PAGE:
Others in government are constrained by conflict-of-interest laws and ethics rules. Jared Kushner and Ivanka Trump's White House presence shows how unconcerned Trump is about nepotism. He never really distanced himself from his businesses either globally or locally, and he is the first president since the 1970s to refuse to voluntarily disclose his taxes.

Dems to Trump: You didn't protect troops

The two top Democrats in Congress said Thursday that any threats to U.S. troops must be pursued “relentlessly,” rebuking Trump after they received a classified briefing about intelligence that Russia offered bounties for killing U.S. troops in Afghanistan.

House Speaker Nancy Pelosi and Senate Minority Leader Chuck Schumer said Trump was “soft” on Russian President Vladimir Putin. Trump has called reports of the U.S. intelligence assessments a “hoax,” while administration officials say they're unverified. The president hasn't said whether or how the U.S. will respond to Russia.

“Our armed forces would be better served if President Trump spent more time reading his daily briefing and less time planning military parades and defending relics of the Confederacy,” Pelosi and Schumer said in a joint statement.

Trump and the White House repeatedly have insisted that the president wasn’t verbally briefed because there was a dispute on the strength of the bounty intelligence. The Associated Press notes it’s rare for intel to be confirmed without a shadow of doubt before it is presented to senior government decision-makers.

Keeping up with the Conways: Next generation

You're probably familiar by now with Washington's top political family feud. Kellyanne Conway is a senior counselor to Trump and his fierce defender. Her husband, conservative lawyer George Conway, is working feverishly with anti-Trump Republicans to make him a one-term president.

Now their 15-year-old daughter, Claudia, has gotten into the fray, and politically she's turned out to be Daddy's girl. Her TikTok videos with anti-Trump, pro-Black Lives Matter messages have gone viral, USA Today reports. She has 40,000 followers and got hundreds of thousands of views.

"I know a lot of my friends are so informed, and I think they wouldn't be if it weren't for social media, which is why I think using one's platform for good and for the education of others is so, so important, especially in our day," the teen said.

"My dad is pretty supportive of it, you know, my mom, she's always taught me to stand up for what I believe in," Claudia said. The teen said she and her mom have political arguments but also maintain a "best friend" relationship.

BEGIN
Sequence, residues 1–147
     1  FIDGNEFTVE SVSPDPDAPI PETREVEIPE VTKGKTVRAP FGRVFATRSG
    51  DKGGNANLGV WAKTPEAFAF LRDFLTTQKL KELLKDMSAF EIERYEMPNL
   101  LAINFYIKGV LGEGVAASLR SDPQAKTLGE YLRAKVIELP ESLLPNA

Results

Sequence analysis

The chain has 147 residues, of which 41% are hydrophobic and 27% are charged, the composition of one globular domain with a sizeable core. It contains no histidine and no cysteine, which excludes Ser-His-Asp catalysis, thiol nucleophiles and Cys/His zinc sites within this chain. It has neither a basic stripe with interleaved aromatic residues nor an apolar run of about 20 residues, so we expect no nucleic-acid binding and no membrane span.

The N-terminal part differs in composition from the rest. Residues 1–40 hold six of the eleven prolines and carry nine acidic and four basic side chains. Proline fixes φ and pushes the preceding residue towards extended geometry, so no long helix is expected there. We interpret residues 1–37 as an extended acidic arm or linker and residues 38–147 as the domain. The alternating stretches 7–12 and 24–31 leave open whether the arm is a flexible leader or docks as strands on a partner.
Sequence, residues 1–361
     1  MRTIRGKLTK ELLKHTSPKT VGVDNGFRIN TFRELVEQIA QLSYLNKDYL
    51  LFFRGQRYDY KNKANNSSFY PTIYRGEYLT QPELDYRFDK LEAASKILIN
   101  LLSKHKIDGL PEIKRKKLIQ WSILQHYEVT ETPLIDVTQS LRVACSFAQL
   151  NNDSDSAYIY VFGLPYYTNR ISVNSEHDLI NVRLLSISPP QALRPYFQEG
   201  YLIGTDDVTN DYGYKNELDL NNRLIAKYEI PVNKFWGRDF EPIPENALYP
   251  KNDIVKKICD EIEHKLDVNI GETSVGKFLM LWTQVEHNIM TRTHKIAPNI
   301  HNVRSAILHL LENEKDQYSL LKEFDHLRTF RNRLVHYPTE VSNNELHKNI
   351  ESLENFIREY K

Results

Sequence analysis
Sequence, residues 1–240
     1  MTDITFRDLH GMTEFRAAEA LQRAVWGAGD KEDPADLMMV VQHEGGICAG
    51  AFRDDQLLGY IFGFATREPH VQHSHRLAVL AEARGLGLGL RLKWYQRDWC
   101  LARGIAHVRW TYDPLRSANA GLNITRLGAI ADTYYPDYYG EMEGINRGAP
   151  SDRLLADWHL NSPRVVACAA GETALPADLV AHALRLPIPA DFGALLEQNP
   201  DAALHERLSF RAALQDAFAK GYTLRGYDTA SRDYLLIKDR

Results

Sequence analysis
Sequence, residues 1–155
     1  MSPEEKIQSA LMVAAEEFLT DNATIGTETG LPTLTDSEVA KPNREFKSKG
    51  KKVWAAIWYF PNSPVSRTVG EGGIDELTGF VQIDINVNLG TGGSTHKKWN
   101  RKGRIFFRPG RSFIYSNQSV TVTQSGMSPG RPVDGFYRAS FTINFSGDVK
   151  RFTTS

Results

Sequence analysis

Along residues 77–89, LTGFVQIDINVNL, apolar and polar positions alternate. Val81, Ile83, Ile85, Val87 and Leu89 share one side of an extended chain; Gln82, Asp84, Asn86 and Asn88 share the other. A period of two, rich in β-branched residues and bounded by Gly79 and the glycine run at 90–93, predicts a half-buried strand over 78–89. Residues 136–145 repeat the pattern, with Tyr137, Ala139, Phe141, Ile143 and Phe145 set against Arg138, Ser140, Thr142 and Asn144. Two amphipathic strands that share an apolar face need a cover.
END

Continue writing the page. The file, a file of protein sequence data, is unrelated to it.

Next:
More coronavirus news

See a roundup of the latest pandemic developments from Long Island and beyond by Newsday's reporting staff, written by Bart Jones. For a full list of Newsday's coronavirus stories, click here.

What else is happening:

  • The Supreme Court won't let House Democrats get access to secret grand jury testimony from special counsel Robert Mueller’s Russia investigation before the November election. The justices agreed on Thursday to hear the Trump administration’s appeal of a lower court order for the material to be turned over. That makes a decision unlikely before 2021.
  • The latest Monmouth University national poll shows Biden leading Trump by 12 points, 53% to 41%. Half of the nation’s electorate says they have ruled out voting for Trump in November, while 4 in 10 say the same about Biden.
  • For the second month in a row, Biden raised more money than Trump. The Biden campaign and the Democratic National Committee late Wednesday reported that they raised a combined $141 million in June, for a total cash haul of $282.1 million in the second quarter. Trump and the Republican National Committee reported collecting a combined $131 million in June and $266 million in the quarter.
  • Democratic ad makers believe they are getting their best response from swing voters with messages that connect doubts about Trump's leadership to current crises like the pandemic, Politico reports. That “really made concrete for people the ways in which his leadership has direct consequences on them and their loved ones," said Nick Ahamed, analytics director at Priorities USA. Using Trump’s own words against him often tests well, the strategists say.
  • Kellyanne Conway said the president isn't to blame for people not wearing masks because no one is recommending it. "I don't think they're not wearing masks because the president of the United States is not wearing a mask. They're not wearing a mask because nobody's saying ‘Put the mask on,’ ” she told reporters Thursday. Federal health officials and, lately, Vice President Mike Pence and the GOP governors of Texas and Florida are pushing mask use.
  • Trump is set to hold a high-dollar dinner at a private residence near Fort Lauderdale in coronavirus-stricken Florida next week to raise money for his campaign and the RNC, The Washington Post reported.
  • The chief federal law enforcement officer for Long Island, Eastern District U.S. Attorney Richard Donoghue, has been named to a high-ranking post at the Justice Department headquarters in Washington, Newsday's Robert E. Kessler reports. Mark Lesko, Donoghue’s chief assistant, is expected to replace him, at least on an interim basis. CNN reports that Seth DuCharme, a veteran of the Brooklyn-based office and a former top aide to Attorney General William Barr, is being considered for the job.
  • Who could carry the banner of Trumpism after Trump? Politico reports that Republican strategists, conservative commentators and former Trump campaign and administration officials are talking up a 2024 run by Fox News host Tucker Carlson, who serves up a stew of anti-immigrant nationalism, economic populism and America First isolationism.